*SMART goals was first developed by George T. Duran.
Written by Jessica Hwang, ALMFT
The loss of a loved one is a major event in anyone’s life. It is a defining moment. It is an experience that can only be fully understood by someone who has experienced the loss of a loved one. It is a day when time stands still. A time when you might question your faith, the purpose of life, and the question “Why God?” may ring constantly in your ears. “Will I ever become normal again? Will I ever find something to laugh or smile about? How can I possibly go on? I don’t want to celebrate holidays because it is just too painful.”
All these feelings and thoughts are perfectly normal and almost expected. It is important that you know that everyone grieves very differently. It is harmful to compare your grieving process or allow others to compare your grieving process to theirs or others. Grief looks very different for each person and even for each loss you experience.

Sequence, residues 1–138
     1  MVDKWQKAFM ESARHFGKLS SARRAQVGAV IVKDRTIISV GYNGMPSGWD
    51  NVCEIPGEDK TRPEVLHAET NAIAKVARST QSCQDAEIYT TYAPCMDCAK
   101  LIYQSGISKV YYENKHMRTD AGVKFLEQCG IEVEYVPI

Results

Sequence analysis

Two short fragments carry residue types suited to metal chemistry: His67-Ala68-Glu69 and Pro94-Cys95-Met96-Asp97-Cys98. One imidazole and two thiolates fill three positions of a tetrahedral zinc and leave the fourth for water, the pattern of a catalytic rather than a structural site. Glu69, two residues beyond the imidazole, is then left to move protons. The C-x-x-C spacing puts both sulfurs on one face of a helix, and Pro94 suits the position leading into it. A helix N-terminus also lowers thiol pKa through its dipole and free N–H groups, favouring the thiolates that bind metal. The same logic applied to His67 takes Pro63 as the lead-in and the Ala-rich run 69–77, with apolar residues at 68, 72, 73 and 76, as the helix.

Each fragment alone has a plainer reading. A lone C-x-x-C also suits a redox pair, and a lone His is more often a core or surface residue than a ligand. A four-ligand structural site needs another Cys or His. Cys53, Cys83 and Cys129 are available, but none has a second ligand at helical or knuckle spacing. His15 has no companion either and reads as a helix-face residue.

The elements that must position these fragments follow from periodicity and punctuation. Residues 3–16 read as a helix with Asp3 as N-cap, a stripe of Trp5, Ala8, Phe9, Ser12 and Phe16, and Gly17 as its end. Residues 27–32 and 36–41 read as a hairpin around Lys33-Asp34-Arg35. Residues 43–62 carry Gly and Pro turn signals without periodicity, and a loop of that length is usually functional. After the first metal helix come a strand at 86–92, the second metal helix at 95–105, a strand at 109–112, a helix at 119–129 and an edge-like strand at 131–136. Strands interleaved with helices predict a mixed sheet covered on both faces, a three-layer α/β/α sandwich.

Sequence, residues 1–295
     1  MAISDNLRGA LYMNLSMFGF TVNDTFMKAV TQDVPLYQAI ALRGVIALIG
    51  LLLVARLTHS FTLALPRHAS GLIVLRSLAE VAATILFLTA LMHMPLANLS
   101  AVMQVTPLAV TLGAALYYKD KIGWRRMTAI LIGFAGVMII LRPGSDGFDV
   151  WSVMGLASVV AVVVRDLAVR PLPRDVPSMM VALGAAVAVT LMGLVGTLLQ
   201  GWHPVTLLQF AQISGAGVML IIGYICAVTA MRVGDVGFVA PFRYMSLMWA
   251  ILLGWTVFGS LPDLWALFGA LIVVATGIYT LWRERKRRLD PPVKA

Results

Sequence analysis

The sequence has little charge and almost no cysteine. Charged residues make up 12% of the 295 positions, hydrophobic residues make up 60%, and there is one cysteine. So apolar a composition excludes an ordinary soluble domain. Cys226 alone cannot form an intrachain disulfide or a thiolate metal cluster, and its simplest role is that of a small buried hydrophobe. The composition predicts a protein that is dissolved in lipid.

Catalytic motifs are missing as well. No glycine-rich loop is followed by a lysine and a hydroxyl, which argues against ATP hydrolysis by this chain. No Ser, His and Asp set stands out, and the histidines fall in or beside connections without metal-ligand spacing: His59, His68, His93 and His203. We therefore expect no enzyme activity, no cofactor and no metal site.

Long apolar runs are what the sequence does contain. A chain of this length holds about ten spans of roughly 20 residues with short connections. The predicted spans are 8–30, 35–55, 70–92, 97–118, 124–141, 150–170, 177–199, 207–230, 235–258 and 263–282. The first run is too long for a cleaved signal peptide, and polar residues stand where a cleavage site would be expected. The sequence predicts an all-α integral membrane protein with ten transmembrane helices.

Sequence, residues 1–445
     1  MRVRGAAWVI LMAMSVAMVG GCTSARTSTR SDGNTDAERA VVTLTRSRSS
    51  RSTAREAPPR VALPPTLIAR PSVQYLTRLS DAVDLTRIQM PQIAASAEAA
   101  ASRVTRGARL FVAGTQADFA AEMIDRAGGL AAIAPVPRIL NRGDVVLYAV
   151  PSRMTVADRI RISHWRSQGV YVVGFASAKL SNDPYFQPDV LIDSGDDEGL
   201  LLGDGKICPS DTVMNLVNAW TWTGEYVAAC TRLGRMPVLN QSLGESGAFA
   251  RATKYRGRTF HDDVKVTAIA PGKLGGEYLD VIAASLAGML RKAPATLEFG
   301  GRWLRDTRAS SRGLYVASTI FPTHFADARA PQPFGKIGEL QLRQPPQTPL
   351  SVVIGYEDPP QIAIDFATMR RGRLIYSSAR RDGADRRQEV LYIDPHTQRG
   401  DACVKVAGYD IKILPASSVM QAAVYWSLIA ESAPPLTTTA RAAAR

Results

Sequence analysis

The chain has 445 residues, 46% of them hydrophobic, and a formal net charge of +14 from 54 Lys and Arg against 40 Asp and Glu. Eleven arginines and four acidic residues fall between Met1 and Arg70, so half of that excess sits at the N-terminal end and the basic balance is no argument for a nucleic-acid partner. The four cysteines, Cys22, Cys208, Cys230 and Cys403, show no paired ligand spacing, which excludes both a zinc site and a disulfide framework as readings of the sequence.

As we draw closer to the holidays, you might be wondering how you are going to make it through and may even be thinking of not celebrating. Holidays can be very painful and a lonely time because you may feel like no one understands and no one even remembers.
Here are a few helpful tips to survive the holidays:
1. Do not fight the feelings of grief and the process of grieving. Prepare for an onrush of sadness, joy, guilt and longing for the presence of your loved one. You may have intense feelings or a moment of sadness. Whatever feeling you experience, don’t fight it and don’t apologize for it. Allow yourself to feel the pain; it’s a healthy part of your recovery. Give your friends and family notice that you may not feel like doing anything or you may withdraw yourself from the festivities or shed tears unexpectedly. Be honest about how you feel. Don’t feel the need to be pretend like you are not hurting.